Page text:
Alternative programs can save your license

Alternative programs for chemically dependent nurses are the wave of the future, according to Valerie Murchake Wright, RN, MLHR, alternative program coordinator for the Ohio Board of Nursing in Columbus.

"There is a definite trend toward alternative programs as opposed to formal discipline," she says. "Currently, 20 states have an alternative program for nurses, and the number continues to grow."

All state boards of nursing are required to investigate complaints about nurses, Wright explains. "Many of the complaints are about nurses with drug or alcohol addictions."

If the complaint is substantiated, a formal board action may be imposed against the nurse. "Actions can include a reprimand, suspension, or revocation of licensure," Wright explains.

All action taken by boards are considered public information and are reported to the national practitioner data bank, she adds.

Alternative programs were developed essentially as an "alternative to formal disciplinary action," says Wright. With alternative programs, the nurse is asked to sign a monitoring agreement that typically includes requirements to complete chemical dependence treatment, maintain abstinence from drugs and alcohol, and provide regular reports to the alternative program of their progress in recovery.

If the nurse successfully meets the terms and conditions of the alternative program agreement, the board will abstain from taking any formal action against the nurse’s license. "A nurse’s participation in an alternative program is confidential and is not reported to the national data bank," Wright says.

Impaired nurses may be unable to work for a lengthy period of time, she says. "Nurses need to be away from work in the early part of treatment. We have found that it’s important for nurses to focus on their recovery. So it’s not unusual for the board to say they can’t work as a nurse for six months or more, depending on the circumstances," she explains. "When it comes to employment issues, we take into account the individual nurse and look at the whole picture."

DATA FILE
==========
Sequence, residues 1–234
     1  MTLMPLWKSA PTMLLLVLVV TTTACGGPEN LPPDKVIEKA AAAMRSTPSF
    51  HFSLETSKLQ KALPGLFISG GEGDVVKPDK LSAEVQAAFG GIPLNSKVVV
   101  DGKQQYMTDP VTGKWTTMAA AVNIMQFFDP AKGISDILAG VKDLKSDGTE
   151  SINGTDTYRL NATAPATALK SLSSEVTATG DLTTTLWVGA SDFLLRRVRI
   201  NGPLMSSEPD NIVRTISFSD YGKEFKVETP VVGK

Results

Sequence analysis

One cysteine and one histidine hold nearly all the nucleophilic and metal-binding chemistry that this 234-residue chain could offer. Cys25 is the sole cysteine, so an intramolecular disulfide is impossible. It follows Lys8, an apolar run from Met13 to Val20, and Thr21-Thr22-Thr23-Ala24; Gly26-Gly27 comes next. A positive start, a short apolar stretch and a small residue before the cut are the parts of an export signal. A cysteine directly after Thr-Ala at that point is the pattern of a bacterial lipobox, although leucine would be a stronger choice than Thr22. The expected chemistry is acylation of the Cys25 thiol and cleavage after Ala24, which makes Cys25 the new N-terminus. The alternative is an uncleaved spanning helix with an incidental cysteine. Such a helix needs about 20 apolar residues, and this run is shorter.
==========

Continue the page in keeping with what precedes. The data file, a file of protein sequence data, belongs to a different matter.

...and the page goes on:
Alternative programs create a structure to facilitate recovery and assist the nurse in returning to work once they have completed treatment.

"This structure allows boards to work with nurses as soon as there is knowledge of a problem," says Wright. "The programs protect the public by encouraging nurses to seek help for their addiction and to establish a drug-free lifestyle."

(Editor’s Note: Nurses may obtain additional information about alternative programs in their state by contacting their state Board of Nursing or their state nurse’s association.)

Sources

For more information about confronting substance abuse in your ED, contact the following:

Liz Jazwiec, RN, 10640 S. Kildare, Oak Lawn, IL 60453. Telephone: (708) 422-7074. E-mail: lizjaz@aol.com.

Madeline Naegle, RN, CS, PhD, FAAN, New York University, Division of Nursing, 50 W. Fourth St., Room 429, Shimkin Hall, New York, NY 10012. Telephone: (212) 998-5301. E-mail: naegle@is.nyu.edu.

Jill Pollock, RN, Loma Linda University Medical Center and Children’s Hospital, Room 4700H, P.O. Box 2000, Loma Linda, CA 92354. Telephone: (909) 824- 4174. E-mail: jpoll123@aol.com.

Valerie Murchake Wright, RN, MLHR, Ohio Board of Nursing, Compliance Unit, 77 S. High St., 17th floor, Columbus, OH 43266. Telephone: (614) 466-7934. E-mail: vwright@nur.state.oh.us.